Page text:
P.S. The original "Clash of the Worlds" post is below. We lived in India then and were visiting the US for a "home visit" (and C was known as N on the blog).
N and I were at the DMV (Department of Motor Vehicles) a couple of days after we got to the US to get our car license tags reissued. We took a number to get in line, I filled out the application form and we sat in the row of chairs facing the 17-odd customer service counters. Christmas decorations were everywhere - green imitation pine streamers hung from the doors, windows and ceiling, red bows punctuating them every two feet or so, and red stockings hung from every counter with the name of each employee written in shiny colorful markers across the white furry borders.
As we sat waiting, we read the names on each of the stockings. When we came to the one with lettering in gold-colored marker, I blinked. The name looked like it had been written in Kannada. I blinked again, but it wouldn't go away.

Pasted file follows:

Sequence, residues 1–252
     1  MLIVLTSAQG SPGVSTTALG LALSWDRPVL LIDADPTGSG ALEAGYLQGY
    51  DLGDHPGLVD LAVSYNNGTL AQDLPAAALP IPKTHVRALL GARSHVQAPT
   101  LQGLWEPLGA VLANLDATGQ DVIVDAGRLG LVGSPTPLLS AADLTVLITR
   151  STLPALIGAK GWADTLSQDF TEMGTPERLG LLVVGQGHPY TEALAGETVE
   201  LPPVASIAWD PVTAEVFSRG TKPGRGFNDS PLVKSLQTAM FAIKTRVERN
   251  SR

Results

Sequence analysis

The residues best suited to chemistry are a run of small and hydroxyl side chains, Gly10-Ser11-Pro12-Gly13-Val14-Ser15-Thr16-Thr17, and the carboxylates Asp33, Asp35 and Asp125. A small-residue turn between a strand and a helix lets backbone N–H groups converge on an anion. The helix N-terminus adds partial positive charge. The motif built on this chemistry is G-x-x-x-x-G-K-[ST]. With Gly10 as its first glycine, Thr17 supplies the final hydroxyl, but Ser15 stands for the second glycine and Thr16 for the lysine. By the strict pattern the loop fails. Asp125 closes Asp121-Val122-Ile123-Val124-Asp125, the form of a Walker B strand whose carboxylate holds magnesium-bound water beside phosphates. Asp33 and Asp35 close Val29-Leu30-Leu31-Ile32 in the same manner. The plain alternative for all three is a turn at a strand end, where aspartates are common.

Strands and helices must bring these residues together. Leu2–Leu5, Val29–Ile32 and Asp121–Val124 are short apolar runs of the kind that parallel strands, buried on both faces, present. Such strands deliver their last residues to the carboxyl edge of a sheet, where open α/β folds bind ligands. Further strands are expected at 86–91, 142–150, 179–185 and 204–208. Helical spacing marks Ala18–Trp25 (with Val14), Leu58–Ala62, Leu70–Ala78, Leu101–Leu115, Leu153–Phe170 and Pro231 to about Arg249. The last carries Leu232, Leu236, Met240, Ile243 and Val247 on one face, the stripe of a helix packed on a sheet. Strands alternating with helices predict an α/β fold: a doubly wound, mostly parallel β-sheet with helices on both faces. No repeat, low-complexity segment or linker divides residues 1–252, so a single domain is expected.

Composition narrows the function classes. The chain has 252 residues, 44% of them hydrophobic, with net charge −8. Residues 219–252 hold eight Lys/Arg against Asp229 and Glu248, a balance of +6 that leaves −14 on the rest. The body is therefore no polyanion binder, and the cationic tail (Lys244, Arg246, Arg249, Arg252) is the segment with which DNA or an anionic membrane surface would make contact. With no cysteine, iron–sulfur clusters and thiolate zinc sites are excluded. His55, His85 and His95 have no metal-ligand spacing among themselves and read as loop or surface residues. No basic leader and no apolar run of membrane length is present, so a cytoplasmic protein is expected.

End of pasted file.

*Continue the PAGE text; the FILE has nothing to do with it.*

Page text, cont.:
I asked N to go up closer to the stocking and see if it was written in Kannada. He looked at me like I was nuts ("You've got to be kidding, mom"), but he went to the stocking and looked. It said Safiana. In English, of course.
Snippets of conversations I could not catch in crowded places seemed like they were spoken in Kannada. I looked around and there was not a single Indian face to be seen. It's not just me. On this trip, N sometimes thought he heard Kannada too.
This was not the first time my two worlds have clashed in my head. When we're driving around in the US on a stretch of road empty of other vehicles, with relatives or our Indian friends in the car, listening to a Hindi CD, it comes as a complete shock to me when we come to a traffic signal and there are cars with non-Indian faces in them.
We're not in Kansas anymore, Toto.
And my brain doesn't just transplant India into the US. The reverse works very well too.
A few months ago I was at my uncle's house in Bangalore for a pre-wedding family get-together (my cousin was getting married). I was dressed up in Indian clothes, of course, with bindis going a mile up on my forehead and bangles clanging on my wrists. On the way back home I needed to stop at the grocery store for something.
As I was leaving my uncle's house, an image flitted across my head. I was going to show up at the grocery store in all my Indian finery. Just a thought. And an awareness that I would get a lot of stares and smiles and perhaps some questions. A second later it struck me.
Duh! I'm in India! I'm not going to the local Safeway, I'm going to Monday to Sunday!